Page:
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by petar

There are many people who are allergic to cat fur or cat dander. But, did you know that your cat can have the same problem? There are numerous foods, household products and other items that cats can have allergic reactions to. It is estimated that at least 15 percent of all cats in the US suffer from some form of allergy. Cats who suffer from allergies can be treated in much the same way as humans.

Just as humans suffer different types of allergies, cats can also suffer from several types. There are four known types of allergies in the cat: contact, flea, food, and inhalant. Each of these has some common expressions in cats, and each has some unique features.

Inhalant Allergies: Pollen and other airborne articles can cause allergic reactions in cats. Just as they do in people, airborne allergies can cause cats to sneeze and have runny, watery eyes. Cats can experience irritated nasal passages and upper respiratory problems. Common airborne articles that can cause reaction in some cats are household aerosols and sprays. Many people do not realize it, but spraying these types of products around some cats can cause breathing difficulties and eye infections. If your cat has these types of allergies, your vet will recommend that you keep the kitty indoors, away from pollen, and can prescribe medications to help with the reactions. For cats that have problems with the eyes, a prescription eye drop can be given.

Contact Allergies: Cats can have allergic reactions to items that they come in contact with. The most common form of contact allergies in cats is due to exposure to certain plants. These often include plants that have oily leaves such as rubber plants. Other forms for contact allergies in cats can include carpet cleaners or fresheners, wool, dust in the home, newsprint, house cleaners, carpet and even cat litter. Usually a cat that suffers from contact allergies will experience itching and discomfort on the skin. There could be skin eruptions, such as hives or bumps on the skin or dermatitis. In some cases, the fur could fall out causing dry, itchy patches on the cat's skin. Usually, contact allergies that cause problem are more noticeable on the chin, ears, inner thighs, abdomen, and underneath the tail. If you suspect that your cat is experiencing contact allergies, the first step is to take your cat to the vet to determine the cause and course of treatment. The vet will usually recommend a skin patch test to determine the cause and prescribe a topical solution to help the itching. Sometimes, a steroid shot can be given if the case is extreme.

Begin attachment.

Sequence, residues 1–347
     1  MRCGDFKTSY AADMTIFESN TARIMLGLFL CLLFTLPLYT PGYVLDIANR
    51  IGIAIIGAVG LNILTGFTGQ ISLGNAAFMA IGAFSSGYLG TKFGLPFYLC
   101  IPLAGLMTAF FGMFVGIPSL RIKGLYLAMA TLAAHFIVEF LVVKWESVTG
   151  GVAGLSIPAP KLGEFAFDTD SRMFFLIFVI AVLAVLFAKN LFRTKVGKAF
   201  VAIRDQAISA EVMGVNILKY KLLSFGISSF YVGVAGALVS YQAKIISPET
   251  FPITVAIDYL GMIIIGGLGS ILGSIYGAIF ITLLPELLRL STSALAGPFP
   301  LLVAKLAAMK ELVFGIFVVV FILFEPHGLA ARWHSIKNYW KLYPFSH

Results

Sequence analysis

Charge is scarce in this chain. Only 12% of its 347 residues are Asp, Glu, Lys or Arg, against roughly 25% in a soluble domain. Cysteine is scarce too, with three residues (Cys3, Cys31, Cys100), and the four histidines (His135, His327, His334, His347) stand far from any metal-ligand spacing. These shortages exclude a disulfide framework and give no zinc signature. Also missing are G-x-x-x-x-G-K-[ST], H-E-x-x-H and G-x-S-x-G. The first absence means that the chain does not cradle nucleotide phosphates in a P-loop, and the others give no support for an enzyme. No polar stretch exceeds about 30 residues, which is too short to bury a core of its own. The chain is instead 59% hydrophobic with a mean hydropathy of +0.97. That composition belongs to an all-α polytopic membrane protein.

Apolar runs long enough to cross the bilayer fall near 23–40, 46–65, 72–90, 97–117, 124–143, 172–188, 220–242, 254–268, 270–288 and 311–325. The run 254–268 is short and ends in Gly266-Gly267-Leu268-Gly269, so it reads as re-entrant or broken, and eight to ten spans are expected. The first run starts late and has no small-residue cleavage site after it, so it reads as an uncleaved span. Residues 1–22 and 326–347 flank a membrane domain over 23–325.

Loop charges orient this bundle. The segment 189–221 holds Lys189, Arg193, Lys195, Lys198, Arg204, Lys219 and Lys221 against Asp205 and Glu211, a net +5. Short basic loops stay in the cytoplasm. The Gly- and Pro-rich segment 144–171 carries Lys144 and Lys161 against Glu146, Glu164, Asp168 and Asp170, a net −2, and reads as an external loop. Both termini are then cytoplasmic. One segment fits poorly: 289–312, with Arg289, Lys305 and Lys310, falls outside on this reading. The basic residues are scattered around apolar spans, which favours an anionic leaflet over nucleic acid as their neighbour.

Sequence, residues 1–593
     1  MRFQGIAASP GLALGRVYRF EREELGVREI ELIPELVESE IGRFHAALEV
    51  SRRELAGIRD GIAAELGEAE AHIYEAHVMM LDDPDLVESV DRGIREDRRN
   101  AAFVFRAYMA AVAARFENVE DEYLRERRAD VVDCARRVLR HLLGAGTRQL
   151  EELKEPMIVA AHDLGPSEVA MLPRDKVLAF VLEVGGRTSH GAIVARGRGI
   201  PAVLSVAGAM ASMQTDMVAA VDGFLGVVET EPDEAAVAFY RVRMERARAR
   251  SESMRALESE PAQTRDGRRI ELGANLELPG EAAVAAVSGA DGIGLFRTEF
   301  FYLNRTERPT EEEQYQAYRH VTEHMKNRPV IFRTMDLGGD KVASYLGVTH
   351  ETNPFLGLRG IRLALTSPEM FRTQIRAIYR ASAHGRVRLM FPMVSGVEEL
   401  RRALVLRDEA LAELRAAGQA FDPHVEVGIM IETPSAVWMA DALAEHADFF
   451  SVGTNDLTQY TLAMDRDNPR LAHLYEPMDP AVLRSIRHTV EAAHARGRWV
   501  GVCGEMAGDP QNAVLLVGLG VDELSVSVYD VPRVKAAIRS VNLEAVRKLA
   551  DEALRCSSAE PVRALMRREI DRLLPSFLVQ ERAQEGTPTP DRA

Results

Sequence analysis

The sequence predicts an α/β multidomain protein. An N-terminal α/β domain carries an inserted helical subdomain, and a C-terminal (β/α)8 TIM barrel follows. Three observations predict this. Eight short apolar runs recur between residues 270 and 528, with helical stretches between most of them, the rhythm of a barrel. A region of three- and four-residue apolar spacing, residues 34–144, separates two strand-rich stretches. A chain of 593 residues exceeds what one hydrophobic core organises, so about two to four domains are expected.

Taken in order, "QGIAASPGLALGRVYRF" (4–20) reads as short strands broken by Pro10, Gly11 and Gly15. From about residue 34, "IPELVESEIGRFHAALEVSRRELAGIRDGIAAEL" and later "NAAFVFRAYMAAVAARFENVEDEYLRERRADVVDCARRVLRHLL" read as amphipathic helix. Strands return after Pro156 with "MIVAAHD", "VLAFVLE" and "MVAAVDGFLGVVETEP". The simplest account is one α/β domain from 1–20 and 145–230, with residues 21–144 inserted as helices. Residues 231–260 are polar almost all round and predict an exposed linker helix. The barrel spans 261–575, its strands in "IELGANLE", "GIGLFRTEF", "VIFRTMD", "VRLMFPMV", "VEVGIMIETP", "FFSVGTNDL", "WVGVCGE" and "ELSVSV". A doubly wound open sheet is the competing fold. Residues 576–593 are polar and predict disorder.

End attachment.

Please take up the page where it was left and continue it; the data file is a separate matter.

Food Allergies: Cats can be allergic to certain types of foods. While it is true that cats should never be given table foods, some cats can also be allergic to certain types of cat foods. Common allergies to foods are cat foods that contain certain poultry products such as turkey or chicken. Extreme caution should be used when feeding your cat table food. Cats should never be given chocolate and many times dairy products can cause problems with a cat's digestive system. Prescription foods can be given to a cat that experiences food allergies.

Flea Allergy: Flea allergy is common in cats. A normal cat experiences only minor irritation in response to flea bites, often without any itching. The flea allergic cat, on the other hand, has a severe, itch-producing reaction when the flea's saliva is deposited in the skin. Just one bite causes such intense itching that the cat may severely scratch or chew itself, leading to the removal of large amounts of hair. There will often be open sores or scabs on the skin, allowing a secondary bacterial infection to begin. The area most commonly involved is over the rump (just in front of the tail). In addition, the cat may have numerous, small scabs around the head and neck. These scabs are called miliary lesions, a term which was coined because the scabs look like millet seeds.

The most important treatment for flea allergy is to get the cat away from all fleas. Therefore, strict flea control is the backbone of successful treatment. Unfortunately, this is not always possible in warm and humid climates, where a new population of fleas can hatch out every 14-21 days. However, the new topically applied monthly flea products may kill fleas before they have a chance to bite your cat. When strict flea control is not possible, injections of corticosteroids (or "cortisone" or "steroids") can be used to block the allergic reaction and give relief. This is often a necessary part of dealing with flea allergies. Fortunately, cats appear relatively more resistant to the side-effects of steroids than other species. If a secondary bacterial infection occurs, appropriate antibiotics must be used.


Added date:

20.07.2008 16:33:33

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Blitz Watching iPad Photobomb cat! Donnie sweet honey... milk...
(2008-08-19 10:59:16)

thank you vevy much this helped me alot espesilly as i am getting a new kitten! thank you!

(2011-07-17 10:29:17)

In awe of that asnwer! Really cool!

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(2012-09-19 14:59:30)

yeah, soy, tofu, they dont serve eggs as that is an animal, i would say you are allirgec to clorophyll. But dont eat anything green around your friend, i wonder if its even possible to be allirgec to that . . .PS i looked it up, you can have an intolerance to it . . .but reading other people's answers . . . assuming you are trying to impress a boy why start the relationship off like that? Also, some vegitarian food is actually really good, I hate health food but raw veggies and even tofurky is really pretty good, plus those people can make soups that are amazing . . .

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